The name of George Soros is once again in the news. Mr. Soros has stirred up a lot of trouble over the years, but he probably doesn’t even know about half the accusations that are being thrown at him. Even President Trump has helped to spread the rumours. Although Mr. Soros has been a relentless self-promoter for more years than most of us have been alive, the current conspiracies are unlikely to have any connection with him.
What is the real George Soros all about? His books give us some clues.
Soros has written many books and in 2019, published In Defense of Open Society. I find Soros and his books to be inspiring and intelligent, shrewd and naive, irritating and fascinating.
George Soros is one of those last remaining larger-than-life characters from the 20th century. He has had an astounding career spanning continents, a World War, and the falling of the Iron Curtain in Europe. He is a billionaire investor and philanthropist. Soros became one of the most famous currency speculators in the world when on September 16, 1992, known as Black Wednesday, he shorted the British pound. Despite the British government’s efforts to shore up the value of the Pound, currency speculators forced the value of the currency to fall. Famously, Soros is said to have made 1 billion dollars that day.
As of February 2018, George Soros had a net worth of 8 billion, having donated more than $32 billion to his Foundation, the Open Society Foundation. In 2013, at 83 years of age Soros became a husband for the third time and married his 42-year-old girlfriend Tamiko Bolton.
Although his wealth and fame draw our attention to him, Soros’ ‘In Defense of Open Society’ is not focused on either earning money or becoming famous. Nor is Soros concerned with defending open societies because this would allow for greater money-making.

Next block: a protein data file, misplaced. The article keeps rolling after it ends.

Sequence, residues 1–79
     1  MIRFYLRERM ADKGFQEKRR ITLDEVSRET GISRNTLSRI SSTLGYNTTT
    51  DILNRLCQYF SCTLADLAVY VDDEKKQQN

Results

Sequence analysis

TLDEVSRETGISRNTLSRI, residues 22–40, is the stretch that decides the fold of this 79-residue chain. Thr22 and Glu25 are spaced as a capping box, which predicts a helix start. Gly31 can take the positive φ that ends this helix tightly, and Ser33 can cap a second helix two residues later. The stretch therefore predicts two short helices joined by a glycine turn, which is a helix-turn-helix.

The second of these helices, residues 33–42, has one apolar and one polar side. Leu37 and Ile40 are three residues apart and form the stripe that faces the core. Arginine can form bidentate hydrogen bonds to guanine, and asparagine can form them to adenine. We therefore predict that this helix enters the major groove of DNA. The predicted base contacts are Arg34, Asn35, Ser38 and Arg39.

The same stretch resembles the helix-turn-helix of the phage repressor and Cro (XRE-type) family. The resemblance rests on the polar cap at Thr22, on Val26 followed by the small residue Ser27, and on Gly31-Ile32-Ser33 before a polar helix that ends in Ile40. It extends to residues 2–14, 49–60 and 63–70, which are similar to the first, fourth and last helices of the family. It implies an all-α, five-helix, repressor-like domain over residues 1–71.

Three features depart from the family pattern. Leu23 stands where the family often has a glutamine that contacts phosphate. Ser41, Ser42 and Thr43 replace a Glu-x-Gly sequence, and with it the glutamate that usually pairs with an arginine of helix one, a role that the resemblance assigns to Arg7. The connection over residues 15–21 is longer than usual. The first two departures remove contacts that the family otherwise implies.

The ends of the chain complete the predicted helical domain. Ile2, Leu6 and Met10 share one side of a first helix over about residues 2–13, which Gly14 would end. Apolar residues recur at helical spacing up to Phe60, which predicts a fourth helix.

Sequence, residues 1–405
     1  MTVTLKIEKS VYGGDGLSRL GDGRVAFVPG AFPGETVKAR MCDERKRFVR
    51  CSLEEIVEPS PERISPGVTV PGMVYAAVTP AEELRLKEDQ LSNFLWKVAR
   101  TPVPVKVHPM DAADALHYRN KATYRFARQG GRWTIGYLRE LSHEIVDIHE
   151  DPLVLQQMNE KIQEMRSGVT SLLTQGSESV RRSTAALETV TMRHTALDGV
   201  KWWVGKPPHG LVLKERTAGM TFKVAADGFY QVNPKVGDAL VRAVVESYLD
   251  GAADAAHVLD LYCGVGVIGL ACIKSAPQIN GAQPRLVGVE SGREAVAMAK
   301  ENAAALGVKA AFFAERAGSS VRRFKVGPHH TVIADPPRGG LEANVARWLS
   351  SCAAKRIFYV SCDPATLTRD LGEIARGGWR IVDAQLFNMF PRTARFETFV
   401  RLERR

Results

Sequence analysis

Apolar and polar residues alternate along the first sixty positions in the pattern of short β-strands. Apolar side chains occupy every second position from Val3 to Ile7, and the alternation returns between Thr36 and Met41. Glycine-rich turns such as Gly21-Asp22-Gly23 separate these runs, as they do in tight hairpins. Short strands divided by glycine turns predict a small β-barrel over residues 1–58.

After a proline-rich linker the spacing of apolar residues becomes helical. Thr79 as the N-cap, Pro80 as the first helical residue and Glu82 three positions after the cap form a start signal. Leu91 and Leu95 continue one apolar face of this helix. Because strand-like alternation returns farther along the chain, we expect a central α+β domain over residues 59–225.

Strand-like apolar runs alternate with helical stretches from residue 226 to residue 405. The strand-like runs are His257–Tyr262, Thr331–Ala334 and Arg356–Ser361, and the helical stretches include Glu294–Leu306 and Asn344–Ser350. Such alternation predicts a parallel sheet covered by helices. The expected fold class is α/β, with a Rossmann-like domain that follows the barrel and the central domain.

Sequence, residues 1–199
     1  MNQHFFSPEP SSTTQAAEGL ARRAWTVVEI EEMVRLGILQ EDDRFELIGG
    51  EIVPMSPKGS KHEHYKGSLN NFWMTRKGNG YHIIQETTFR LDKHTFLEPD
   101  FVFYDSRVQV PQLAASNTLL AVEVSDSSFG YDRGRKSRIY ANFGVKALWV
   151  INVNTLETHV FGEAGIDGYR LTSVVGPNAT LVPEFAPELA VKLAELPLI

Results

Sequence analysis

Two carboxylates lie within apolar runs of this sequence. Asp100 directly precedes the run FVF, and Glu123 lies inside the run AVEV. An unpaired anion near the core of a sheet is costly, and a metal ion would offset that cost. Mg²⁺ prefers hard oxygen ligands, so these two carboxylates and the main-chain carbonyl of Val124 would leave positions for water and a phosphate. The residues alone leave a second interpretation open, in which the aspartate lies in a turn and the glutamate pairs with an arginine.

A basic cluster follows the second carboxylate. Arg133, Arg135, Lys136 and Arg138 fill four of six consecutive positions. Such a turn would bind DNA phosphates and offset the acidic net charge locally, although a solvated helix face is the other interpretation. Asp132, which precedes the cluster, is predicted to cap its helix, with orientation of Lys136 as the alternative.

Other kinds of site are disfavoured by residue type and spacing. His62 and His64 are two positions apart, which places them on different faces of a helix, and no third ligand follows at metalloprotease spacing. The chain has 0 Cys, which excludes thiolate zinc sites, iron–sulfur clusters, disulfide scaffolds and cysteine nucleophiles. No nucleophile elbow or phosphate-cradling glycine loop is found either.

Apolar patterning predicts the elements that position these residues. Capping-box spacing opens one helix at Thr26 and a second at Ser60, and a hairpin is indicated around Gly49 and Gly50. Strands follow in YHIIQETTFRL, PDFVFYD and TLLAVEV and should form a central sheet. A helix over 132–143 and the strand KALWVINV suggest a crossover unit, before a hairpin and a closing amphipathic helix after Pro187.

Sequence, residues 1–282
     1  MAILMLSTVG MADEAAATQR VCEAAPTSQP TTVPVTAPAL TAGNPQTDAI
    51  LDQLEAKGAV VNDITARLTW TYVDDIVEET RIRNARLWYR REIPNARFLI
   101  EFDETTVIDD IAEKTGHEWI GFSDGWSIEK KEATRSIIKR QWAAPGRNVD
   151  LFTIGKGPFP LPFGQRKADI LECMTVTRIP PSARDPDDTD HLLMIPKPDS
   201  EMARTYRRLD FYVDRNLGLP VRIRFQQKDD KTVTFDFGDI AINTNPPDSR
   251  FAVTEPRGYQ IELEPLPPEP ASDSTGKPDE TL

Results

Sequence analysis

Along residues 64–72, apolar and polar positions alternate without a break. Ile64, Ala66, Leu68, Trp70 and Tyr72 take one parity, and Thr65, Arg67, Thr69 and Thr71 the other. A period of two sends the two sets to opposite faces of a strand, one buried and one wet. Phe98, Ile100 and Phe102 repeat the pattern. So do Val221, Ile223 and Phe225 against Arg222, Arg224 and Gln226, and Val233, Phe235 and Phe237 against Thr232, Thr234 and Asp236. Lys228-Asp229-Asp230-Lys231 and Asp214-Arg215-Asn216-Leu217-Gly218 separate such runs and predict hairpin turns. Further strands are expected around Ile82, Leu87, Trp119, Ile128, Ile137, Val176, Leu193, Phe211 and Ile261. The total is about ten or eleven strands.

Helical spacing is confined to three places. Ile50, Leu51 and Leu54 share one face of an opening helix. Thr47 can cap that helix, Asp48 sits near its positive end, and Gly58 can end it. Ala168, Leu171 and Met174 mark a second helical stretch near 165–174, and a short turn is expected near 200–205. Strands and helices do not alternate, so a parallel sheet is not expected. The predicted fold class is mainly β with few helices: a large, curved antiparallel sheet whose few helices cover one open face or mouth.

In contrast, French philosopher Henri Bergson and Karl Popper, whom Soros studied under in the 1950s at the London School of Economics, developed the idea of ‘open society’. Without digging into these philosophical roots, open society has to do with permitting and encouraging critical thought and free expression. This would be a society free of tribal affinities such as religious, national, or traditional economic formulas.
Soros begins his book by saying that he believes we are living in a revolutionary moment. He reviews some of his previous experiences of revolutionary moments such as 1944 and escapes from the Nazis and the 1980s and the collapse of the Soviet system. The book is a selection of some of his recent writings.
Soros believes that open society is under threat especially through technology and he focuses on China’s role in this threat. In the second chapter, he discusses the challenges of political philanthropy. Academic freedom is a great concern and so chapter three looks at this subject. In chapter four, Soros addresses some high-level concerns with the banking system. Chapter five is about the European Union. In chapter six, he unpacks his understanding of reflexivity and connects this understanding with his prediction of the financial crisis and how to deal with it.
Tellingly, Soros' first chapters consist of remarks delivered at the World Economic Forum in Davos, Switzerland. For many critics, Soros is closely connected with Davos. For them, Davos represents a sort of elitist, jet-setting social class that rules the political and corporate spheres with velvet gloves.
From this start, my mind never left behind questions about the prominence of George Soros. He would be renowned simply based on his social status and wealth. But what about his ideas? Are his ideas valuable in themselves? And there is the thought that Soros and his ideas might be up on the stage because he is a wealthy, well-connected, and powerful person. And perhaps because his ‘progressive’ ideas are representative of the elites that rule the Western world?
Progressive ideology is most helpful when in critique mode and so this book is most helpful when criticizing the intrusiveness of social media, the oppression of China, how the global financial crisis was handled, and the tragedy of the European Union. The chapter on running a philanthropic foundation reveals an elegant, naive, well-funded fiasco. If you are curious about his well-known funding for opposition to closed national borders, it is not spelled out in this book.
I enjoyed spending some time reading this awe-inspiring and uber-connected writer, philanthropist, and finance titan, but was left with some doubts about his motives and political accomplishments.